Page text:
Speaker plinth material bottom ported Zu Omen Defs

Currently my Zu Omen Defs sit on hardwood floor ( bamboo) in my basement finished listening room. Even though we are very good at keeping sewer cleared, video checks every year, I’m always paranoid about water overflow. Our basement is bone dry. I would like to raise the zus off the floor about an inch or two with a plinth. IMO, mapleshade’s at $600 + each is pricey. I can make my own. My question is wood vs granite on bottom slot ported speakers like Zu. One would think that granite may be too reflective for bass vs wood. Just curious if anyone has any thoughts. For the trolls: yes we have flood insurance, sump pumps, etc. I’m not moving the gear back upstairs. Just asking about best material. 

Btw, I’ll be keeping the speaker feet intact so GAP between speaker would be the same as current gap
Well, I think the only way is to try it. If it turns out too bright, you could add a bit of felt or maybe a piece of carpet over the marble.
But, you might just give Zu a call to get their take on it. They do answer calls. I believe his name is Gerrit.
Thanks for reminding me about ZU's great customer service. I wish I thought of that earlier and called last week. I will call or write ZU after New year. I was fine with the bass response upstairs for the last 5 years (oak wood floors). An actually fine with the bass response now (Bamboo hardwood flooring). So I would probably be fine with a plinth of either wood. Just curious if their is an optimal wood or material for such a use (with bottom slotted ports on speaker). I use to correspond with Sean Casey quite a bit a few years ago. I'll dig out his email address.
From what you wrote, you do not have a problem, but you imagination has run wild.  If your basement is bone dry, then stop worrying.
On a technical note, your plinth, unless it's enormous, will effectively be invisible to the frequencies coming out of the port.  By raising the Zu you will hinder its bass performance.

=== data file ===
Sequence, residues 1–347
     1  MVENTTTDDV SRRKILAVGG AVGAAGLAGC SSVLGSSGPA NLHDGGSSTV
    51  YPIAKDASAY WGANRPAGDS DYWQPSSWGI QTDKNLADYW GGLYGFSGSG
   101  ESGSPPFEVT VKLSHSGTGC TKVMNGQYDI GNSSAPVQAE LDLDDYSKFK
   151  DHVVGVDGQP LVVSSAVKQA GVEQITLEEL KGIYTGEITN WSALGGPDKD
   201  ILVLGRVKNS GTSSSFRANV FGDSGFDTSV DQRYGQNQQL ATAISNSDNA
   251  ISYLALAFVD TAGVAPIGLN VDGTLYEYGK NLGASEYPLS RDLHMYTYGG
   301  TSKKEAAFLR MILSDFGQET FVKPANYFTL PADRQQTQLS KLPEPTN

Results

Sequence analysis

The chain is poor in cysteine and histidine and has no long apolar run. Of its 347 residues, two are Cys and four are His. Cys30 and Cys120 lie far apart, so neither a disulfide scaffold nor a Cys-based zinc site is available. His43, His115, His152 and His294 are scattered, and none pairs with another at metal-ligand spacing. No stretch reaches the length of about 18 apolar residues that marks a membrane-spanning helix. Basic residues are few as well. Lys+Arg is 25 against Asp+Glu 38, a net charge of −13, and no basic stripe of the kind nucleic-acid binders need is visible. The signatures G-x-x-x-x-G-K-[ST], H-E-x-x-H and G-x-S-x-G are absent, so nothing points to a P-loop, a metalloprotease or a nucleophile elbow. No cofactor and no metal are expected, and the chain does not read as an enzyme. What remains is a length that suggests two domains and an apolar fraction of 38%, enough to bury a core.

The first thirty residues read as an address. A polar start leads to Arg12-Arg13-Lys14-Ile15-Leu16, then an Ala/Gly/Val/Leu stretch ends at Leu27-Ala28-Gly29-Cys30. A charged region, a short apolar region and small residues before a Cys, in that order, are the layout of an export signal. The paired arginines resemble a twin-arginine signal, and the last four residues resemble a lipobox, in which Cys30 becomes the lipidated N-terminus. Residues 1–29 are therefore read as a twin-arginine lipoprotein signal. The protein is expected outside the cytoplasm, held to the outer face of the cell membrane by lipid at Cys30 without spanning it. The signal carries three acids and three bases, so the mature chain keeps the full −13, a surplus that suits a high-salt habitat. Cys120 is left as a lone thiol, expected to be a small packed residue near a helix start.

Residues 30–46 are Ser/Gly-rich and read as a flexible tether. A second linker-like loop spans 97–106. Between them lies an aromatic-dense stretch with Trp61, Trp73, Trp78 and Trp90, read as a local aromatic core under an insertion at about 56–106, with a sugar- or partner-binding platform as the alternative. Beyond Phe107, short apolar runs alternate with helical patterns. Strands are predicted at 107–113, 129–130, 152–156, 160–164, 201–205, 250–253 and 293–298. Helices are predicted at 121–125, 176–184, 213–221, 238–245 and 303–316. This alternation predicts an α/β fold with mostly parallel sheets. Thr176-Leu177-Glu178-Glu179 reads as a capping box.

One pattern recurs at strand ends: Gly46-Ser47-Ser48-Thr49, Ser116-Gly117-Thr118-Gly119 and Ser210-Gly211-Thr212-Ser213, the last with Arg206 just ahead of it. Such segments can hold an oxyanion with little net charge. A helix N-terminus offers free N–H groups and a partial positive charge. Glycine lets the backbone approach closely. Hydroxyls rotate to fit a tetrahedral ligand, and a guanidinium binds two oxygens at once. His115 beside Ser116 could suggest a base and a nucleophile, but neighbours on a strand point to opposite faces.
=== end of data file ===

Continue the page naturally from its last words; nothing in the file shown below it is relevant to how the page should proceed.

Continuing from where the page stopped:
Thanks for info. I think you are right, I’m paranoid from a flood many years ago. So the plinth does not take place of the floor since it’s solid?
As an owner of an old house that occasionally get water in the basement, I can understand your concern.
I would think raising them might change the leveling/angle of the speakers, but bass performance should not be affected.
As they are only 12" x 12" you should be able to just pick up a couple of cutting boards in Maple or Bamboo at a local store like Ikea or online at Amazon.
@stereo5 ,
That's why I said he might have to re-angle them.
Or, maybe raise his seating as well. It would keep it dry should he get a leak.
There are wifi alarms that would alert you should moisture be present.
I am a bit confused with the speaker placement as described by the OP.  

I own the Zu Dirty Weekender floor standers.  I always thought that the speakers had to be raised some minute amount off the floor, so as not to block the bottom slot ports.  I do not use the supplied spikes.  I had read somewhere or heard on one of Zu's YouTube videos to use marbles to allow some breathing room for those ports.

I live in a pre-war apartment house on a busy street and had been using 12" x 12" tiles of neoprene and cork under my speakers for vibration control.  Since acquiring the Zu's, I have used the neoprene and cork 4" pads.  

Flush to the floor or on a plinth, the Dirty Weekenders sounded slightly muffled.  With the pads, the speakers sound much better (obviously).  I use 3 pads per speaker (2 front, 1 rear). 


@rar1 ,
Unless something has changed, Zu always recommends leaving about 1/4 inch gap between the bottom of the speaker and the floor for their bottom ported speakers.
I see those plinths you are using have a waffle design, which may be allowing the speakers to resonate better. I would try adding the spikes to give them a little more clearance.
Hi Bob - 

Because I am using the smaller 4 inch square tiles as footers and centering them near the corners of the speaker (where you would screw in spikes), I am getting the clearance I need.  Ports are happy.    

It was when I was using the full 12 inch tile that I was in essence adding another floor to the face of the port, which obviously hurt the sound.

Unless I misread the OP's original post, he was thinking of using a granite or wood plinth.  I was just not sure how that would be any different than direct floor placement, unless of course spikes are used.

Thanks for the reply.


Basically I’m adding a block of wood or something on the floor. Taking the speaker as is and lifting on top of the wood or whatever. I’m maintaining the same gap ( using the floor spikes) that I am currently. 
A wooden plinth will wick up moisture and could cause condensation on the bottom of your speakers.Another thing to investigate would be a paint on exterior waterproofing product for the speaker bottoms.
Why isn’t there moisture now? There’s a vapor barrier between concrete and wood floor? So if speaker is on spikes on top of the plinth, I don’t see the difference. I guess I could put small feet on the plinth
Well if you are open to a $13 solution, this may be a way to go.  These are the 2 inch version of the pads that I was referring to.  Essentially a rubber and cork sandwich.  Should work with the spikes.  


Don't forget about Herbie's. He has lots of nice isolation products that don't cost an arm and a leg and really work.
+1 for contacting Zu. Nothing like from the horse's mouth.